Write an efficient function to find the first non-repeated character in a string. For example, the first non-repeated character in "total" is 'o' and the first non-repeated character in "teeter" is 'r'.

Please see my solution and give me some feedback and suggestions for improving and optimizing it if needed.

#include <stdio.h>
#define SIZE 100                /* max size of input string */
#define LIM 5                   /* max number of inputs */
char repeat_ch(const char *);   /* return first non-repeated character */
int main(void)
    char line[SIZE];
    int i = 0;
    char ch;

    while(i < LIM && gets(line))
        ch = repeat_ch(line);
        if(ch != NULL)
            printf("1st non-repeated character: %c\n", ch);
                printf("There is no unique character in a string: %s\n", line);


char repeat_ch(const char *string)
    char array[130] = {0};
    char *p = string;

    /* store each character in array, use ascii code as an index for character
     * increment each time the same character appears in a string
    while(*p)                               // stop when '\0' encountered
        if(array[*string] == 1)
            return *string;         // stop when unique character found

    return *string;

Alex, it looks quite efficient. There are some issues that I see:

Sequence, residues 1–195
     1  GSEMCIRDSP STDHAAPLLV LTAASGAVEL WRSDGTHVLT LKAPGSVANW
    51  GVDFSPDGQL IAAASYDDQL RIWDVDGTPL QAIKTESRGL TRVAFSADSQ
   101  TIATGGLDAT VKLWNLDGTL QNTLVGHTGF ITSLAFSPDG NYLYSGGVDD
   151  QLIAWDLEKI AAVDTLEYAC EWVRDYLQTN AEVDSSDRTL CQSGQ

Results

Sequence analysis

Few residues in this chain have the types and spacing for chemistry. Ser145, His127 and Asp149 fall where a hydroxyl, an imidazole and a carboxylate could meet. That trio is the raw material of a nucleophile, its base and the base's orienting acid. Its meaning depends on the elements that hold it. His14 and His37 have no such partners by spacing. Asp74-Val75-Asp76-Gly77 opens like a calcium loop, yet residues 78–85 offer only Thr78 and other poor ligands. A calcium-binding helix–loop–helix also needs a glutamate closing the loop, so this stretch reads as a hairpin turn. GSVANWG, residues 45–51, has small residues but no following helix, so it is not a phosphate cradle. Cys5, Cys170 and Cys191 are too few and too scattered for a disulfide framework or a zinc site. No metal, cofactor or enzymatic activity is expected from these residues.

• gets should never be used. Use fgets (but note that you will have to strip the trailing \n)

  • define main at the end to avoid the need for a prototype for repeat_ch

  • declare repeat_ch as static

  • your limit does not work as i is not incremented. But why not stop on reading an empty string rather than limit the number of loops?

  • NULL is normally defined as (void *) 0 so comparing a char with NULL is wrong. The compiler will warn you of that. Just use 0 or better '\0'

In repeat_ch

  • function name is inaccurate - function looks for a non-repeated char.

  • the two // comments are noisy (ie. don't tell reader anything)

  • array would be better sized 256

  • p should be const

  • for-loops would be better

    for (const char *p=string; *p; ++p) {
        array[*p] += 1;
    for (const char *p=string; *p; ++p) {
        if (array[*p] == 1) {
            return *p;
    return '\0';
  • \$\begingroup\$ thanks for feedback was really useful. Have added "i" as it was my copy-paste typo. \$\endgroup\$
    – Alex
    Dec 31 '12 at 15:20
  • \$\begingroup\$ +1: Very good analysis. The only things I can see that you didn't mention are trivia: (1) erratic indentation in main() and (2) use of if(...) etc instead of if (...). The omitted return 0; from main() is OK in C99 or later, though personally I think that rule was a mistake and always include it. \$\endgroup\$ Jan 1 '13 at 7:16

1) This is good enough for small scale string, but in practical life, this problem needs to deal with string having length in millions eg DNA string etc.

2) You can improve it by not traversing over the string for the second time, but maintain the first occurrence of the each character with the number of its occurrence. Sorting like structure -

typedef struct charStruct {
   int count;
   int index;


cStruct *count = (cStruct *)calloc(sizeof(cStruct),256);

malloc for 256 characters (if dealing with ASCII) and use this structure, that will give you huge improvement in practical solution.


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